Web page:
Military Porcelain Enamel Canteen
During 1942, the U.S. procured canteens made of a low grade metal with a porcelain enamel coating. This attempt to save more valuable aluminum and stainless steel had only temporary benefits and was stopped by the end of 1942 when the traditional metals were again released for use.
Porcelain enameled canteen, M-1942.
One Quart Military Canteen: Enamel / Porcelain
The original M-1910 one quart canteen was made of aluminum. Early in World War II, aluminum was urgently needed for aircraft. Therefore, in 1942 stainless steel canteens were substituted for aluminum and alternative materials were investigated such as plastic for canteens. Another idea for conserving the most valuable metals was to use a lower quality metal with a porcelain enameled coating.
The blue/black porcelain plated canteen's nomenclature was Canteen, M-1942 or Canteen, Enamel, M-1942. They were described by Jeffersonville Quartermaster Depot specifications JQD 4C 13Feb42 and JQD 94 23Mar42 with Stock No. 74-C-83. The porcelain plated canteens (and matching canteen cups) were made in 1942 only. Most of the supply is believed to have gone to the Marine Corps and Navy, perhaps because the Army did not want them.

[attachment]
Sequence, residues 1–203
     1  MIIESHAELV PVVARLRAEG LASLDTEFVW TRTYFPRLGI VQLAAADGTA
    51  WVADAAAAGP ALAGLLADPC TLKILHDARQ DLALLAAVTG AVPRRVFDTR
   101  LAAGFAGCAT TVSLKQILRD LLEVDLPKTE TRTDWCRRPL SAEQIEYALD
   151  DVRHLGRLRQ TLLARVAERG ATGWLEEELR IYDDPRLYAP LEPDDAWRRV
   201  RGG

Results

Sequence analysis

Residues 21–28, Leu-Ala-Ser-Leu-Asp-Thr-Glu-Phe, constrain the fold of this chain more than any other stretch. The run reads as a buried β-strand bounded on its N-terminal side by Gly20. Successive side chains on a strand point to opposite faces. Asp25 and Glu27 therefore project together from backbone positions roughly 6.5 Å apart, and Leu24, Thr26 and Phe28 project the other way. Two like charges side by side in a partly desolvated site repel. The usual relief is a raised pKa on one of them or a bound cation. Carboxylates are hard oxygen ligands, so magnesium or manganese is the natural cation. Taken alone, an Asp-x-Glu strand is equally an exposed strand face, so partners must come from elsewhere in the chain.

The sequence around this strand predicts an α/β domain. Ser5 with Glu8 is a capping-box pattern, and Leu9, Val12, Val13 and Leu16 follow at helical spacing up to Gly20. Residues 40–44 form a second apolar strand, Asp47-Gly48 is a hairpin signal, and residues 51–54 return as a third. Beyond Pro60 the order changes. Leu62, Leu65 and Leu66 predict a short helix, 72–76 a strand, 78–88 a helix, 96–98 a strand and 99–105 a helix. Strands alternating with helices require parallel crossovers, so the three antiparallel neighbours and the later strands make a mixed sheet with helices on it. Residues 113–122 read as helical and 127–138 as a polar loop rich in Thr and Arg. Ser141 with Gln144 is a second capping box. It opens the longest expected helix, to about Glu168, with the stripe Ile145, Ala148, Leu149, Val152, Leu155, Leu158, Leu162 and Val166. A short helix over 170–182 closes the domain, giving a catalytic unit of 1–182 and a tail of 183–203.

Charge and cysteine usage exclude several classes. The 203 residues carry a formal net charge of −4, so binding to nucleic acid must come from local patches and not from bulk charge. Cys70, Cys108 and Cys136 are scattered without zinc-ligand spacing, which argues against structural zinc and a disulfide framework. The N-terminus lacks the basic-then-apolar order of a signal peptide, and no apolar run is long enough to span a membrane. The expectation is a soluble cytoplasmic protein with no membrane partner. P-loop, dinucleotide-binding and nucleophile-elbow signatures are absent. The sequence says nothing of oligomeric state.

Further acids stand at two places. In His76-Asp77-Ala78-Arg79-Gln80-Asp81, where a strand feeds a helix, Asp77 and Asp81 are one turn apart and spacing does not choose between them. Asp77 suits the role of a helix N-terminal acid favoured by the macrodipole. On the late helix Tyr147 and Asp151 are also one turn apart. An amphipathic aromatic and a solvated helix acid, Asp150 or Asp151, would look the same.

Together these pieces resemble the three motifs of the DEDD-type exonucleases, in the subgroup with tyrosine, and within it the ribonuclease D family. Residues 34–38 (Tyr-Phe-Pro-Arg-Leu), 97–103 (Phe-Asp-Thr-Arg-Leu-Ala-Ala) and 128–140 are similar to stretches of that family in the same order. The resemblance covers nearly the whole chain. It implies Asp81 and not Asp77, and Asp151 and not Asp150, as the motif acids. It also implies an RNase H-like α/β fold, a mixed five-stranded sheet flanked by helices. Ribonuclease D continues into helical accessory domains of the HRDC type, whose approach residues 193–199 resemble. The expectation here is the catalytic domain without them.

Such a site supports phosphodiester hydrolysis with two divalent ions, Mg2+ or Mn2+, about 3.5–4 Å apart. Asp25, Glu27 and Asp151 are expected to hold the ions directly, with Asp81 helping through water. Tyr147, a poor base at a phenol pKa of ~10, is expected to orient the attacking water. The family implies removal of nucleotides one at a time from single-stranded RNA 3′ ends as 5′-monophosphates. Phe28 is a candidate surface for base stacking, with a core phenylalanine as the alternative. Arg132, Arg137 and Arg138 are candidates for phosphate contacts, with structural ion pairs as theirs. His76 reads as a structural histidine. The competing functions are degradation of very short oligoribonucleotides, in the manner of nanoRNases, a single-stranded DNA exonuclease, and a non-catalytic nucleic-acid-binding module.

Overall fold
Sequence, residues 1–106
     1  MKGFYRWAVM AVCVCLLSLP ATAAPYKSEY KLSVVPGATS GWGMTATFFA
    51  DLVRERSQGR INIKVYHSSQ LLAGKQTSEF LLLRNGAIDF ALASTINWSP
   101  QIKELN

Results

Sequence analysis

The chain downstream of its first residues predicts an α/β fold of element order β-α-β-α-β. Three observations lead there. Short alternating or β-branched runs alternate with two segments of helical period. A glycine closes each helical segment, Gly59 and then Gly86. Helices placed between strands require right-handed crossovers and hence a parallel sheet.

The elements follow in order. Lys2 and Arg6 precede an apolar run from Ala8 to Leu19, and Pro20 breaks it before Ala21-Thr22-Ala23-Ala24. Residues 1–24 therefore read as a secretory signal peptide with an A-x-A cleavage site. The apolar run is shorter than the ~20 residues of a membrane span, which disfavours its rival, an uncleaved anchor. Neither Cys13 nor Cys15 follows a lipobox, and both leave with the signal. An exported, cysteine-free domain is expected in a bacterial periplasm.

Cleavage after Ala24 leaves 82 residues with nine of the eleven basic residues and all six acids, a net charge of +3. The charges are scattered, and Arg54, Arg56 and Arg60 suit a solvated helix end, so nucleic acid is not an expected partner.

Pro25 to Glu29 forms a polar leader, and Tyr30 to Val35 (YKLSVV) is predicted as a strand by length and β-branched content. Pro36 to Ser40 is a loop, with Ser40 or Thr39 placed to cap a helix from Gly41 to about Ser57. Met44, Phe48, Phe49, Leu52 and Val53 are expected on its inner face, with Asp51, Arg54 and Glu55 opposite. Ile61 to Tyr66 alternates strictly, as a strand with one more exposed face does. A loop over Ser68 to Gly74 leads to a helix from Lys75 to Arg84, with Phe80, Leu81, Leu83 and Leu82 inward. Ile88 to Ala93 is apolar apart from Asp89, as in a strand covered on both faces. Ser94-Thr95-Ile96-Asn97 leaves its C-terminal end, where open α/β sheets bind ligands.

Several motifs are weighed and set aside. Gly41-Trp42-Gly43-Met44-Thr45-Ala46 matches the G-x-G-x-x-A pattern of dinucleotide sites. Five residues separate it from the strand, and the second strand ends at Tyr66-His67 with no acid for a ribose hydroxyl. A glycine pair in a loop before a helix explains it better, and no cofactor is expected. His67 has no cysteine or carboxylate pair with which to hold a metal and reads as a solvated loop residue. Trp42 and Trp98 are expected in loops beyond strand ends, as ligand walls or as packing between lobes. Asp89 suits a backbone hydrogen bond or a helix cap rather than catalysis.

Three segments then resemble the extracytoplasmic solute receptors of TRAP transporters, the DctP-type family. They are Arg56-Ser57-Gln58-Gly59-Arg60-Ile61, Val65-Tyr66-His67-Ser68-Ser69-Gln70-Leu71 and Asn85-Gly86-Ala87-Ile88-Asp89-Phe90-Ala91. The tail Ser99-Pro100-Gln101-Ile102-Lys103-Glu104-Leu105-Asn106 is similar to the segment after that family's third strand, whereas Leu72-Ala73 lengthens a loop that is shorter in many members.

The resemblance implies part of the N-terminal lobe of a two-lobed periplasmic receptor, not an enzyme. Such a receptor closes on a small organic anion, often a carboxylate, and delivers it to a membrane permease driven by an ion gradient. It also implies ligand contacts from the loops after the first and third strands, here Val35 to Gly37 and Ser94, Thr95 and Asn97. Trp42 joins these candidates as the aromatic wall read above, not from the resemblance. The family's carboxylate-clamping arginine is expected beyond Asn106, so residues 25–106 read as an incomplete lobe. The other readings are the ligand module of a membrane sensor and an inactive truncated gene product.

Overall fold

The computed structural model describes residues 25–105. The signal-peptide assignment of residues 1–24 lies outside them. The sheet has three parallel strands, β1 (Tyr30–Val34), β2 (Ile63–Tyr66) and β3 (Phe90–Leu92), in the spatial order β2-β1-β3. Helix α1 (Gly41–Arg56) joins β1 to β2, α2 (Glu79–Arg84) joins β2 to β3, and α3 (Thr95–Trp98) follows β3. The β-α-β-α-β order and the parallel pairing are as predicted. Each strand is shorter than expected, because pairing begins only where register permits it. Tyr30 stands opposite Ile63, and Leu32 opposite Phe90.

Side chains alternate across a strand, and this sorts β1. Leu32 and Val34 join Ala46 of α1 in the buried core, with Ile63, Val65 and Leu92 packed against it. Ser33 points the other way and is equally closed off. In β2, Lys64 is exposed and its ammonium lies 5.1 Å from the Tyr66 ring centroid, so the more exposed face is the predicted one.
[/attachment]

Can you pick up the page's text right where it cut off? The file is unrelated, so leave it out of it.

The enameled canteens were usually made with the horizontal seam, like the CRS (stainless steel) canteen. However, vertical seam porcelain enamel canteens were also made. Both aluminum and black plastic resin tops were used with the porcelain enamel canteen, using the same production as for the standard M1910 canteen. The enamel canteens and cups were identical in size to the M1910 canteen and therefore used the same cotton duck carrier/covers.
Records indicate that the U.S. Army acquired about five million M-1942 enameled steel canteens from six manufacturers in 1942. The manufacturers included:
- REP Co.
- VOLLRATH Mfg. Co.
- SINGER Mfg. Co. [SM]
- UNITED STATES STONEWARE Co. [USS]
- BE Co.
U.S. and the manufacturer's marks were usually on the bottom of the canteen body.
The M-1942 canteen was not considered a success. Under field conditions, Army and Marine Corps users complained of chipping of the coating which would contaminate their water. The canteens (and canteen cups) quickly took on a battered look due to numerous chips and dings. The porcelain enameled steel canteens were rapidly phased out of the military, although many survived to become an interesting collectible.
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